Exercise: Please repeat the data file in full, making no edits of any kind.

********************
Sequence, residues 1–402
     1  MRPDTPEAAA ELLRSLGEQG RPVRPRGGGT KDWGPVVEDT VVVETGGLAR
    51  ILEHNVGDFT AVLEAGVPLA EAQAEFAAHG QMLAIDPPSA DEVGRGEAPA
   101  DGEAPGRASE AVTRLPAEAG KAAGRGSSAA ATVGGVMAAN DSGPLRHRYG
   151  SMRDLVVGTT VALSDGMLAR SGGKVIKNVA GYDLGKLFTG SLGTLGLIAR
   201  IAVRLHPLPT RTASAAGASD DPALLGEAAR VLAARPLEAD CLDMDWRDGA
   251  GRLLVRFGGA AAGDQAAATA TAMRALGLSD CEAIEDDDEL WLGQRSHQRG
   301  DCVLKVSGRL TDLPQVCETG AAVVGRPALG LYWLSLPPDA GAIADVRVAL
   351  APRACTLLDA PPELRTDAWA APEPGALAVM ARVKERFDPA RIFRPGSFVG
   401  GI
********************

Sequence, residues 1–402
     1  MRPDTPEAAA ELLRSLGEQG RPVRPRGGGT KDWGPVVEDT VVVETGGLAR
    51  ILEHNVGDFT AVLEAGVPLA EAQAEFAAHG QMLAIDPPSA DEVGRGEAPA
   101  DGEAPGRASE AVTRLPAEAG KAAGRGSSAA ATVGGVMAAN DSGPLRHRYG
   151  SMRDLVVGTT VALSDGMLAR SGGKVIKNVA GYDLGKLFTG SLGTLGLIAR
   201  IAVRLHPLPT RTASAAGASD DPALLGEAAR VLAARPLEAD CLDMDWRDGA
   251  GRLLVRFGGA AAGDQAAATA TAMRALGLSD CEAIEDDDEL WLGQRSHQRG
   301  DCVLKVSGRL TDLPQVCETG AAVVGRPALG LYWLSLPPDA GAIADVRVAL
   351  APRACTLLDA PPELRTDAWA APEPGALAVM ARVKERFDPA RIFRPGSFVG
   401  GI